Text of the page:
The Best Way to Handle a Child’s Fit

When young families first arrive in town for vacation, they come directly from the airport to the store to get groceries for the next week. After a long day of travel, the kids are exhausted and prone to fits, and so are the parents.  I often hear the tired cries of babies erupting throughout the store. I sympathize because I’ve had my times of being tired and cranky too, and so I try to stay courteous as I get the families through the line quickly.  

Some of those fit-throwers stand out in my memory because of the way the adults handled the situation.

Photo by Mitya Zotov on

I remember one particular child who was pitching a lulu—screaming, grabbing things off the rack, colliding with other people.  The tired mom tried several techniques as she unloaded her groceries onto the conveyer belt: an angry glare, threats of no candy, no pool time, and no Mickey.  Finally, she gave up and tried to ignore him as she paid for her purchase. 

An old guy stood behind the boy and watched quietly.  He was tall, with a weathered face and a working man’s hands.  Before placing his groceries onto the conveyer belt, he took the little bar that divides the customers’ groceries and slammed it down, startling the boy into silence.  He looked up, and the old guy loomed over him, offering a friendly gaze.  The child remained quiet and wide-eyed while the mom gathered her groceries, took the boy’s hand, and left. As she exited, she glanced over her shoulder to give the man a grateful look.

I also sympathized with the way another mom handled her obnoxious kid. He was a plump fellow and too old to be riding in the grocery cart—he took up most of the room intended for purchases. With his big boy lungs, he kept yelling at his parents to let him buy something. 

“Give me five dollars, give me five dollars, give me five dollars, GIVE ME FIVE DOLLARS!

The parents did their best to ignore him until the mother had enough. She whirled from the self-checkout screen and shimmered with intensity as she said:

“Say that one more time.”

The message was received. The boy crossed his arms, frowned, snorted, and sputtered, but remained wordless. Evidently, he wasn’t as dumb as he looked.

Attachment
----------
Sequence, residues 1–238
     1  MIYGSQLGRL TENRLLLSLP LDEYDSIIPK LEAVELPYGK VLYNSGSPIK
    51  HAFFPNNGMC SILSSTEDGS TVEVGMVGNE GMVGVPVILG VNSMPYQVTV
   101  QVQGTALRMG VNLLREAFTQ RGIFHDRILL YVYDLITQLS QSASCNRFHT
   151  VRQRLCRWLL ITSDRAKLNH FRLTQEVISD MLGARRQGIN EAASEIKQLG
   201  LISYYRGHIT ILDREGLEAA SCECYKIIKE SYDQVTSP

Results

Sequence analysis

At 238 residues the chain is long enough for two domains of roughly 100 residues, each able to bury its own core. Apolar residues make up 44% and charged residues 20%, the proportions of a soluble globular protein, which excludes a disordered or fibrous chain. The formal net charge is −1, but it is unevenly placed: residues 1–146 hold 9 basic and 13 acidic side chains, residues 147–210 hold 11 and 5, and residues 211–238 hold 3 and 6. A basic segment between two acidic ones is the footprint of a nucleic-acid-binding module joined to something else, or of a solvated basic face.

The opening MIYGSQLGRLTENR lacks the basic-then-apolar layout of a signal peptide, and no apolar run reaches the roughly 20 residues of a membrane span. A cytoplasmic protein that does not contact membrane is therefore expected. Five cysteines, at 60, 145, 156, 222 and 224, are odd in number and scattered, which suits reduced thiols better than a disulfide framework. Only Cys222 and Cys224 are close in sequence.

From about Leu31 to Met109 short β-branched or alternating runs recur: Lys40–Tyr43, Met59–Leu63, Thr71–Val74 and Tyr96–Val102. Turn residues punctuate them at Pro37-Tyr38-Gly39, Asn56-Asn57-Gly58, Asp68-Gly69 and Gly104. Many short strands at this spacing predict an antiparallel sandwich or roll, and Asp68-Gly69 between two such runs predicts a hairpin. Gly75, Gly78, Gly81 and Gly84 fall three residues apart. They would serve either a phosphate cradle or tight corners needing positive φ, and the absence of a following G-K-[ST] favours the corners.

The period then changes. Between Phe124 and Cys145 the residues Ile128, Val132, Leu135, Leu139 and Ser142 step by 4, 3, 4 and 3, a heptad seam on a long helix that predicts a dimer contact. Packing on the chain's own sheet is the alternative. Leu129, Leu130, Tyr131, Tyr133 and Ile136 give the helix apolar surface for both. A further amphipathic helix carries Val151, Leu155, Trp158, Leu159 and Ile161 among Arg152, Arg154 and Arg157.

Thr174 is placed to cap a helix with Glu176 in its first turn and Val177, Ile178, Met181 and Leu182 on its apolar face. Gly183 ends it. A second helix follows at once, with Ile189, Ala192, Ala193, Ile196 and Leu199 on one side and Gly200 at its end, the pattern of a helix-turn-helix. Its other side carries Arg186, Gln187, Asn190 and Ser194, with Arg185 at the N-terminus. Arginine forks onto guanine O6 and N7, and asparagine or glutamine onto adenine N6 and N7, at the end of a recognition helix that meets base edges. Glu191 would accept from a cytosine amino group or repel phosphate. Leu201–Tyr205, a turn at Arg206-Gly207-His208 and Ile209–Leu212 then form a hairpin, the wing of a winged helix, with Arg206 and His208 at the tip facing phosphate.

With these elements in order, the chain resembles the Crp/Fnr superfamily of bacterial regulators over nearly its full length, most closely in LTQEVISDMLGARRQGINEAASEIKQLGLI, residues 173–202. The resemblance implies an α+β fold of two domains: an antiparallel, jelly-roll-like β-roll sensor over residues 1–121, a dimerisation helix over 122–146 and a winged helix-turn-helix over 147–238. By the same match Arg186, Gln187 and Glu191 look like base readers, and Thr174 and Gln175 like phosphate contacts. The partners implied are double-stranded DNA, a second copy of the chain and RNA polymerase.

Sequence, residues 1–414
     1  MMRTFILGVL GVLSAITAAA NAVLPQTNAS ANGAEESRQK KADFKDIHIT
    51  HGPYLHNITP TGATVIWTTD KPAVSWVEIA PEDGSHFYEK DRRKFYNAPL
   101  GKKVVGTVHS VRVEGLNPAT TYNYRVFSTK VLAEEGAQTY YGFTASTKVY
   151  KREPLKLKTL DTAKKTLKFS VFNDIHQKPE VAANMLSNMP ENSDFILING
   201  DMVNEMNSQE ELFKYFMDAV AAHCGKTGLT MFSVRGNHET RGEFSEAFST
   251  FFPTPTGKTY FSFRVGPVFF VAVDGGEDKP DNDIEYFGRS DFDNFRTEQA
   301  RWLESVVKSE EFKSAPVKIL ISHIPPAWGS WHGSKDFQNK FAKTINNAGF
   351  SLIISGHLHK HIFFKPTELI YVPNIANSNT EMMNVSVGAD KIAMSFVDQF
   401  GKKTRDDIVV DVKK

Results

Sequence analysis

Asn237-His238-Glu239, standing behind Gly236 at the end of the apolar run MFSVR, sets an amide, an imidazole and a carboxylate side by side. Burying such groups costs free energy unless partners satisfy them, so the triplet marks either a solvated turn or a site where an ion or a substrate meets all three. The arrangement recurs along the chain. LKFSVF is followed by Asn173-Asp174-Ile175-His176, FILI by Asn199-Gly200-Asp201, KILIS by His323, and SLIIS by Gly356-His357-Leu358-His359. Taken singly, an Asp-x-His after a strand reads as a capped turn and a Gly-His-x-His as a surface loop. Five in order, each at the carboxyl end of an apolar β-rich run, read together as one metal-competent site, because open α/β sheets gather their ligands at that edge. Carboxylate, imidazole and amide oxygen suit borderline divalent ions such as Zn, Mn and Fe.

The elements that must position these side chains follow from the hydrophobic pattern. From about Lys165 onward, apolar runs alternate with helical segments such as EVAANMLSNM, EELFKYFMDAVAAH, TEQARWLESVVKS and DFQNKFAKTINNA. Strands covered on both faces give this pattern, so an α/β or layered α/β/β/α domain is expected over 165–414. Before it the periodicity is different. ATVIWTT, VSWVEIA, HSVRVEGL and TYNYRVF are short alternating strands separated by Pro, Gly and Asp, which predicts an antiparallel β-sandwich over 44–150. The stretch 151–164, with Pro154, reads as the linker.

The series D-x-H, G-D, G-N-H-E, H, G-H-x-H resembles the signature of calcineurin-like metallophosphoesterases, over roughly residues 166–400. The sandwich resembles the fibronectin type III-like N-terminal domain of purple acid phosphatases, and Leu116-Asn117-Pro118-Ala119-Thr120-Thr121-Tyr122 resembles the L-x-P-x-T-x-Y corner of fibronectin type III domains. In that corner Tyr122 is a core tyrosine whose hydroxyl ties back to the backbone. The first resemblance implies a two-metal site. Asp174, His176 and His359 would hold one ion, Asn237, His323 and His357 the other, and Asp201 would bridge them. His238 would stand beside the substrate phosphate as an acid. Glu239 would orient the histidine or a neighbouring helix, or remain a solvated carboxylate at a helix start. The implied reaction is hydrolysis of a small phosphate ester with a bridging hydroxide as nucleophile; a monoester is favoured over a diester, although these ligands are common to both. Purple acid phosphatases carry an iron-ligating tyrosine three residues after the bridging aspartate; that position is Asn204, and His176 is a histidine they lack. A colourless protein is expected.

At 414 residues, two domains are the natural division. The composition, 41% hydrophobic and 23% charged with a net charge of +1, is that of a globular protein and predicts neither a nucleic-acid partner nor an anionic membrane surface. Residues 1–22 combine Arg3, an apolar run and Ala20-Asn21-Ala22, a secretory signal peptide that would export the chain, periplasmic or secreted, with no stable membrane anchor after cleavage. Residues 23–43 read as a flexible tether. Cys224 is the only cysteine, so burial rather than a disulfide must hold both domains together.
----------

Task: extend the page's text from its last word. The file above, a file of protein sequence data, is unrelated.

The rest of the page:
My favorite kid moment was between a father and his small child.  The kid was beyond exhausted, crying and screaming. The dad looked tired, but he stayed calm and spoke soothingly to his boy.

“I’m going to count to three,” he said. 

I thought he would use that technique that never works where you raise the threat level with each number. But instead, he used it as a relaxation technique to help his child get calm. 

“One,” he said softly, “Everything is ok.”

“Two, you’re feeling better.”

“Three, you’re getting quieter.”

It didn’t work, so he tried it again. And then again. Not once did the dad raise his voice to the screaming child. 

It would be a great story if I told you that the kid got calm and quiet, but he didn’t, at least not in the store. He was just too overextended. The dad picked him up gently and smiled at me as he left his purchases and walked out the door.

I admire how restrained the father was.  

The next day, they were back.  This time the boy looked rested and calm. I said, “I remember you. How do you feel today?” He smiled shyly. 

“He was very tired last night, wasn’t he?” I said to the father, who sighed and nodded with a bemused look. I think maybe he was still tired from the night before.

“I think you’re the best father in the world,” I said. “I wish I had been more like you while raising my kids.”

In fact, I wish all parents could be as gentle with their kids as this dad was.

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